Teacher’s Guide to Music and Composition

Music and Composition

Types of Instruments

 Instruments primarily fall into one of four main categories. These four families of instruments are brass, woodwind, string and percussion. Each family is comprised of instruments with similar methods of sound generation, and similar sounding timbre, although each instrument has its own unique timbre.

Brass instruments- the player produces sound by vibration of the lips to cause the vibration of an air column. Players vibrate their lips by holding them in a shape called an embouchure and forcing air between them into a mouthpiece connected to their instrument.

Wind instruments- the player produces sound by blowing across an opening to vibrate an air column. Several wind instruments also have mouthpieces with reeds that are vibrated by blowing into them.

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String instruments- the player vibrates a string to produce sound- further categorized by how the string is set to vibrate such as plucking (guitar), bowing (violin), or striking (piano)

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Percussion instruments- a player generates sound by striking the instrument with a beater, hand or another instrument- further categorized by whether they produce identifiable notes (xylophone) or unidentifiable notes (snare drum)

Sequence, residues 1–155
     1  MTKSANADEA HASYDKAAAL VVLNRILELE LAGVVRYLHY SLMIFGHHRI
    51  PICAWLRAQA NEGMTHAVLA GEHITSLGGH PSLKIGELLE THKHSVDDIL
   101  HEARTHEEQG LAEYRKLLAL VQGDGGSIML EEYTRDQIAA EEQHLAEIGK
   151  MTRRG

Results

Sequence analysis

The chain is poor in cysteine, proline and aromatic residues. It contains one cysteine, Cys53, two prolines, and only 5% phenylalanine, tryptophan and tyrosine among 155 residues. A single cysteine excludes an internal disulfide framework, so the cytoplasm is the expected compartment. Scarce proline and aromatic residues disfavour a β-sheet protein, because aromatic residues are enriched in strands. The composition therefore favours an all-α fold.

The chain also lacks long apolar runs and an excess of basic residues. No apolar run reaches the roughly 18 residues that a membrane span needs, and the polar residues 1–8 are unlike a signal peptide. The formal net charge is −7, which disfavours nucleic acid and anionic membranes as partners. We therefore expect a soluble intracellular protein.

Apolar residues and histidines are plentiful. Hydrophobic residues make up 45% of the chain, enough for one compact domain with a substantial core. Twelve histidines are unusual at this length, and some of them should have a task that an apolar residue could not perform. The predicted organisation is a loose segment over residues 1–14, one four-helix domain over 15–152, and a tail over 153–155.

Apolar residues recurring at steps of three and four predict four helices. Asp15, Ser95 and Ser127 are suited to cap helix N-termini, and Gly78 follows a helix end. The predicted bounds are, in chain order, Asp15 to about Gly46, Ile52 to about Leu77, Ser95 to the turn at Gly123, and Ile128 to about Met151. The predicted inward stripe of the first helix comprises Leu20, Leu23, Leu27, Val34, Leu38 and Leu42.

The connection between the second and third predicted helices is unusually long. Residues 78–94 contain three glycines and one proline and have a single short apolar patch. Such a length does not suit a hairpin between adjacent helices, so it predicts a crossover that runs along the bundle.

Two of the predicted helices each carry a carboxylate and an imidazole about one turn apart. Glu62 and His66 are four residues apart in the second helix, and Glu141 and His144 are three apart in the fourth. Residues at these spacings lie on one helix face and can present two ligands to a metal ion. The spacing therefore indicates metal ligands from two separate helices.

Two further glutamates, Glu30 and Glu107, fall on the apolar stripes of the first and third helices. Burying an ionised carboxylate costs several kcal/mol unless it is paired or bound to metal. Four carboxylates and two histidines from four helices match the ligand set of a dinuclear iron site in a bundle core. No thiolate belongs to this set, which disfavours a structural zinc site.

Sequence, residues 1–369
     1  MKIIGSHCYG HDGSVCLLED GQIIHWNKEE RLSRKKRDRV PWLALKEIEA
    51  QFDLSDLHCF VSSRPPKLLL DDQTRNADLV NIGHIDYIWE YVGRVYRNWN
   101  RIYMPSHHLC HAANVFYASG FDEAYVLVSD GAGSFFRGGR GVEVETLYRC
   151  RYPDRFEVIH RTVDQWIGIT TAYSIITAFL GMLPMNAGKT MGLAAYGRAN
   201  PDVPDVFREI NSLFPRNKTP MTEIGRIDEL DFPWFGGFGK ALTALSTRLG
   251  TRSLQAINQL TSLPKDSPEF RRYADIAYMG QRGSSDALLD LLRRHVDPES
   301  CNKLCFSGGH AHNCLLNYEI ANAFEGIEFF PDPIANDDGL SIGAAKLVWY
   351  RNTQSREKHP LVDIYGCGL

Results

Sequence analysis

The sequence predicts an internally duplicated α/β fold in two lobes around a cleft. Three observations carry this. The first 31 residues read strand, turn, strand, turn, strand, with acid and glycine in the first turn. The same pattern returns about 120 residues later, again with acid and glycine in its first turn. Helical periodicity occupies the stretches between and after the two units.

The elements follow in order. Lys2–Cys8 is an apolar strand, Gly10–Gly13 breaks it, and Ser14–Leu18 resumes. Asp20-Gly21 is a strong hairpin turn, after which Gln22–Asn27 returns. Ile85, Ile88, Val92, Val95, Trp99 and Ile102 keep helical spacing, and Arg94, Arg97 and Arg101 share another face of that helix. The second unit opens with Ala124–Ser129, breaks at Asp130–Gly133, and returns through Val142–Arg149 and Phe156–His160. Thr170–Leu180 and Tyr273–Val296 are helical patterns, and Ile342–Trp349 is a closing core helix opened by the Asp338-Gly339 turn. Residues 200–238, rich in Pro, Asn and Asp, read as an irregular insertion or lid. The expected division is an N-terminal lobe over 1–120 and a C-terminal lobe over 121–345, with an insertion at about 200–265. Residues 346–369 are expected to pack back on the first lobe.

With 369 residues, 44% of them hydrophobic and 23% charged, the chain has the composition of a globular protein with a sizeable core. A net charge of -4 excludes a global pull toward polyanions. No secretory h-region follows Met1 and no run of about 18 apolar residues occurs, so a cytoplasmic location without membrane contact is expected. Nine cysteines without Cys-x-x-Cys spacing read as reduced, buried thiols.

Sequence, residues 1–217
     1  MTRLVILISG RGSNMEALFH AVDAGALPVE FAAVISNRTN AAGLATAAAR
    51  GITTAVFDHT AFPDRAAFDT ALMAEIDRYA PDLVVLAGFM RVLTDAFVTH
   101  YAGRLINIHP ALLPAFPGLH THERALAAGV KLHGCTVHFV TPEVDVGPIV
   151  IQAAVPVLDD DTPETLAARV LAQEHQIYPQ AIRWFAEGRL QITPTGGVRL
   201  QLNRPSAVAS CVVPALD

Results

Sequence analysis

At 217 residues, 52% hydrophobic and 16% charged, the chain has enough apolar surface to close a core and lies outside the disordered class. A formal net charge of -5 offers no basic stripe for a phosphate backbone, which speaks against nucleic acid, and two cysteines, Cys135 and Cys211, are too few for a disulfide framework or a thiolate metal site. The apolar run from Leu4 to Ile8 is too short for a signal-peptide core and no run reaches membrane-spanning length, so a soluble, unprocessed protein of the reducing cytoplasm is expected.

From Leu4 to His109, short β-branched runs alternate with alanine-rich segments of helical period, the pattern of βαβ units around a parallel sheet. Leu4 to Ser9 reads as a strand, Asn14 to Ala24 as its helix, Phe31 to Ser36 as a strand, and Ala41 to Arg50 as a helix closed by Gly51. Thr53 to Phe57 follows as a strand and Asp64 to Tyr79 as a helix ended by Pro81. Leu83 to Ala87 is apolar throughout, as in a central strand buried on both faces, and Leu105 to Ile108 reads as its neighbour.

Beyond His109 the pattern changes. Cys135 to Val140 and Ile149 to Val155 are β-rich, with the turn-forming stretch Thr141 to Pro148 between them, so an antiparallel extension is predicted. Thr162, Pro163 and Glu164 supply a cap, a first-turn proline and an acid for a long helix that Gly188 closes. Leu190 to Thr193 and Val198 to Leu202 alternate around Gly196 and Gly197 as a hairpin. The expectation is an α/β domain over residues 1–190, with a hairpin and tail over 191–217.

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Writing it Down

In order for different people to play the same piece of music, someone has to write down the order of the notes and how long to play each of them. There are many ways of writing down music, but one of the simplest forms is called tablature, which refers to instructions on how to play the correct notes on a specific instrument. For example, tablature for a harmonica would tell you which hole to play (each number refers to a hole) and whether to breathe in or out (an up arrow means blow and a down arrow means draw in air). For a guitar, each line of the tab corresponds to a different string, and the numbers tell the player which fret to push on to get the correct pitches.